SRT1720

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SRT1720
SRT1720.svg
Systematic (IUPAC) name
N-[2-[3-(piperazin-1-ylmethyl)imidazo[2,1-b][1,3]thiazol-6-yl]phenyl]quinoxaline-2-carboxamide
Clinical data
Legal status ?
Identifiers
ATC code ?
PubChem CID 24180125
Chemical data
Formula C25H23N7OS 
Mol. mass 469.560 g/mol
 YesY (what is this?)  (verify)

SRT1720 is an experimental drug that was studied by Sirtris Pharmaceuticals intended as a small-molecule activator of the sirtuin subtype SIRT1. The compound has been studied in animals, but safety and efficacy in humans have not been established.

Animal research[edit]

In animal models of obesity and diabetes it was found to improve insulin sensitivity and lower plasma glucose levels in fat, muscle and liver tissue, and increased mitochondrial and metabolic function.[1] In mice rendered obese and diabetic by feeding a high-fat, high-sugar diet, a study performed at the National Institute of Aging found that feeding chow infused with the highest dose of SRT1720 beginning at one year of age increased mean lifespan by 18%, and maximum lifespan by 5%, as compared to other short-lived obese, diabetic mice; however, treated animals still lived substantially shorter lives than normal-weight mice fed normal chow with no drug.[2] In a later study, SRT1720 increased mean lifespan of obese, diabetic mice by 21.7%, similar to the earlier study, but there was no effect on maximum lifespan in this study.[3] In normal-weight mice fed a standard rodent diet, SRT1720 increased mean lifespan by just 8.8%, and again had no effect on maximum lifespan.[3]

Since the discovery of SRT1720, the claim that this compound is a SIRT1 activator has been questioned[4][5][6] and further defended.[7][8]

Although SRT1720 is not currently undergoing clinical development, a related compound, SRT2104, is currently in clinical development for metabolic diseases.[9]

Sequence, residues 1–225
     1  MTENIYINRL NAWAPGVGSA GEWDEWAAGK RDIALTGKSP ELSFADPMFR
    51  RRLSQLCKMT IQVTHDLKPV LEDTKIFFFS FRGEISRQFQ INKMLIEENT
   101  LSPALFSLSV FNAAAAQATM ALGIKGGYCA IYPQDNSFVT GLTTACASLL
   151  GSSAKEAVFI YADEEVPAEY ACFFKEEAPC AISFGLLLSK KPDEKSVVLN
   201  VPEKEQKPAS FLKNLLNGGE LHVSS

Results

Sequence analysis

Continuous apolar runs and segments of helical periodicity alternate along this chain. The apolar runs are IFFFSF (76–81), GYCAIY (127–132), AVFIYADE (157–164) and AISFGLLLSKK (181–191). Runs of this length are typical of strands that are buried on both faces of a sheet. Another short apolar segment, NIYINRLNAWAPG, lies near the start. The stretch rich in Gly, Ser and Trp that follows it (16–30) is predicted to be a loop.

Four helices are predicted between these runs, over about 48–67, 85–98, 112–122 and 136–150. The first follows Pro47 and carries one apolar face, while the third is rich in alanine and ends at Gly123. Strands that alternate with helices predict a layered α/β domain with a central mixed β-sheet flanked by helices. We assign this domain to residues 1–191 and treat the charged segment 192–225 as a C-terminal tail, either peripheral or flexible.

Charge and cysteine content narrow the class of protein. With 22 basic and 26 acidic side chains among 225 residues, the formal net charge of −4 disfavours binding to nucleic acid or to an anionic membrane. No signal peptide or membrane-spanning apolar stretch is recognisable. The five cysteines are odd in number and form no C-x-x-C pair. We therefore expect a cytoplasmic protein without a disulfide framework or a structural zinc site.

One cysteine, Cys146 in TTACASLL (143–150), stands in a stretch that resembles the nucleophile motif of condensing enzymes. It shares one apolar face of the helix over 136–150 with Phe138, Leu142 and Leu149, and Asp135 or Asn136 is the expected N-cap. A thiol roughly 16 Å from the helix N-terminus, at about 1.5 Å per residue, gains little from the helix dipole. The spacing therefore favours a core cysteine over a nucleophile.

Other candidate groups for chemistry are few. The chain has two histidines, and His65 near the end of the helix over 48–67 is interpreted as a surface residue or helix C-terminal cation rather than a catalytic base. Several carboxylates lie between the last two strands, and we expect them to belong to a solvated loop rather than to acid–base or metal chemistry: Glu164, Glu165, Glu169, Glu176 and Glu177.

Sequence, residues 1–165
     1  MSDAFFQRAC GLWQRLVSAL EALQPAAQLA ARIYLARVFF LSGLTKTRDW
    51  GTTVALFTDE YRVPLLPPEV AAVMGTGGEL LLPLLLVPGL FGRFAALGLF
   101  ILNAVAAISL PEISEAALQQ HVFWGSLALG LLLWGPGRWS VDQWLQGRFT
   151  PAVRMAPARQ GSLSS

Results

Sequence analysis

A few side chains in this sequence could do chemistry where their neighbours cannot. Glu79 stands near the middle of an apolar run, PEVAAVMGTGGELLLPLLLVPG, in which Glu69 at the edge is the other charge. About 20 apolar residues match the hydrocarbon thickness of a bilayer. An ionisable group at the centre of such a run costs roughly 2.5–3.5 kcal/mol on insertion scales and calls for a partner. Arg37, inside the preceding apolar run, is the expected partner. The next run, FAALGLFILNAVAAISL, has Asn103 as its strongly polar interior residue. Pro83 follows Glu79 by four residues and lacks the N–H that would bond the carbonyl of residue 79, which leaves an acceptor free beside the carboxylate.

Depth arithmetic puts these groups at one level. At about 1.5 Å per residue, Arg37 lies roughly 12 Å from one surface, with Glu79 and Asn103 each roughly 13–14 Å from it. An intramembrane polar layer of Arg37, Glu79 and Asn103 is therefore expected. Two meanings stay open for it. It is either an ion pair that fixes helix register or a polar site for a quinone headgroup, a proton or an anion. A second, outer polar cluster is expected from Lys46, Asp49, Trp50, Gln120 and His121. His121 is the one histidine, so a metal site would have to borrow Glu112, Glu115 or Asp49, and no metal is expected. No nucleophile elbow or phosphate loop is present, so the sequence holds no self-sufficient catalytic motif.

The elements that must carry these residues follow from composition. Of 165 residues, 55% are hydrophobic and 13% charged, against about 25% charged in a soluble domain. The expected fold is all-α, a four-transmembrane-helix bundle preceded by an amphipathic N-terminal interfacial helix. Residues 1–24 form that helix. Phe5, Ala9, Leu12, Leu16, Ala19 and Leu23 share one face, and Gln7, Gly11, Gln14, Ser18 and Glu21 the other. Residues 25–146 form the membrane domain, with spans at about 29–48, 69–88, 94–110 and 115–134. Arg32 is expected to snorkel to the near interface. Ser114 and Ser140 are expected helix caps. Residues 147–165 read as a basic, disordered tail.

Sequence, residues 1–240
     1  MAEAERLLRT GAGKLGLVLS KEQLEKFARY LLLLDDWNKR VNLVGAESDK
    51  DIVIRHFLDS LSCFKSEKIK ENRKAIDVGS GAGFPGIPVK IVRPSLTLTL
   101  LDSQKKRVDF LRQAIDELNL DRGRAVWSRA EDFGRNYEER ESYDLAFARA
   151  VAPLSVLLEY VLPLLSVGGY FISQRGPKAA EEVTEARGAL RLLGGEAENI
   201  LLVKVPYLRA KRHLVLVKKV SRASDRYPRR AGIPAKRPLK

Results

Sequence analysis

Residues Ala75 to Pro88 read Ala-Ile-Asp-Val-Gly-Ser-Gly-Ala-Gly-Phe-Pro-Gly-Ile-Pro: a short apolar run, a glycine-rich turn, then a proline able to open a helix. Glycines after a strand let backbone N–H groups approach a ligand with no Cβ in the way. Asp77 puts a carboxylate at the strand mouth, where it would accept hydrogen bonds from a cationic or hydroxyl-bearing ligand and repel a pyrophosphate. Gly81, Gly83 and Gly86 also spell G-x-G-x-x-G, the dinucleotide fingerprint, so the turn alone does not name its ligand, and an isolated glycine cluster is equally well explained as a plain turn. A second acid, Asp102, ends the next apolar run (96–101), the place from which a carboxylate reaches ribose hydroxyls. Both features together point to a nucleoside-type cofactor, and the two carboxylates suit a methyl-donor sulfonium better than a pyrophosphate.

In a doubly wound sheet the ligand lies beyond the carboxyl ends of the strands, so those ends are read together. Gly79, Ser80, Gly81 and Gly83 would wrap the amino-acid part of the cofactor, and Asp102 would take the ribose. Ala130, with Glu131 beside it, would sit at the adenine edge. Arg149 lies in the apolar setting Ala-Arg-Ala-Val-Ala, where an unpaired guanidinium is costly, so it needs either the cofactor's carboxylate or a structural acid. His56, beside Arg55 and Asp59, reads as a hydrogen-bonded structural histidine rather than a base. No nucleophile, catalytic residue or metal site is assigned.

See also[edit]

References[edit]

  1. ^ Milne JC, Lambert PD, Schenk S, Carney DP, Smith JJ, Gagne DJ, Jin L, Boss O, Perni RB, Vu CB, Bemis JE, Xie R, Disch JS, Ng PY, Nunes JJ, Lynch AV, Yang H, Galonek H, Israelian K, Choy W, Iffland A, Lavu S, Medvedik O, Sinclair DA, Olefsky JM, Jirousek MR, Elliott PJ, Westphal CH (November 2007). "Small molecule activators of SIRT1 as therapeutics for the treatment of type 2 diabetes". Nature 450 (7170): 712–6. doi:10.1038/nature06261. PMC 2753457. PMID 18046409. 
  2. ^ Minor RK; Baur JA; Gomes AP; Ward TM; Csiszar A; Mercken EM; Abdelmohsen K; Shin YK; Canto C; Scheibye-Knudsen M; Krawczyk M; Irusta PM; Martín-Montalvo A; Hubbard BP; Zhang Y; Lehrmann E; White AA; Price NL; Swindell WR; Pearson KJ; Becker KG; Bohr VA; Gorospe M; Egan JM; Talan MI; Auwerx J; Westphal CH; Ellis JL; Ungvari Z; Vlasuk GP; Elliott PJ; Sinclair DA; de Cabo R (Aug 2011). "SRT1720 improves survival and healthspan of obese mice". Scientific Reports 1 (70). doi:10.1038/srep00070. PMID 22355589. Retrieved 1 March 2014. 
  3. ^ a b Mitchell SJ, Martin-Montalvo A, Mercken EM, et al (Feb 2014). "The SIRT1 Activator SRT1720 Extends Lifespan and Improves Health of Mice Fed a Standard Diet". Cell Reports 6 (4). doi:10.1016/j.celrep.2014.01.031. Retrieved 1 March 2014. 
  4. ^ Pacholec M, Chrunyk BA, Cunningham D, Flynn D, Griffith DA, Griffor M, Loulakis P, Pabst B, Qiu X, Stockman B, Thanabal V, Varghese A, Ward J, Withka J, Ahn K (January 2010). "SRT1720, SRT2183, SRT1460, and resveratrol are not direct activators of SIRT1". J Biol Chem 285 (11): 8340–8351. doi:10.1074/jbc.M109.088682. PMC 2832984. PMID 20061378. 
  5. ^ Beher D, Wu J, Cumine S, Kim KW, Lu SC, Atangan L, Wang M (December 2009). "Resveratrol is not a direct activator of SIRT1 enzyme activity". Chem Biol Drug Des 74 (6): 619–24. doi:10.1111/j.1747-0285.2009.00901.x. PMID 19843076. 
  6. ^ Zarse, K.; Schmeisser, S.; Birringer, M.; Falk, E.; Schmoll, D.; Ristow, M. (2010). "Differential Effects of Resveratrol and SRT1720 on Lifespan of AdultCaenorhabditis elegans". Hormone and Metabolic Research 42 (12): 837–839. doi:10.1055/s-0030-1265225. PMID 20925017.  edit
  7. ^ Callaway E (2010-08-16). "GlaxoSmithKline strikes back over anti-ageing pills: Drugs do work as thought, says pharmaceutical giant.". Nature. doi:10.1038/news.2010.412. 
  8. ^ Dai H, Kustigian L, Carney D, Case A, Considine T, Hubbard BP, Perni RB, Riera TV, Szczepankiewicz B, Vlasuk GP, Stein RL (August 2010). "SIRT1 activation by small molecules - kinetic and biophysical evidence for direct interaction of enzyme and activator". J Biol Chem 285 (43): 32695–32703. doi:10.1074/jbc.M110.133892. PMC 2963390. PMID 20702418. 
  9. ^ "Sirtuin Pipeline". Sirtris Pharmaceuticals.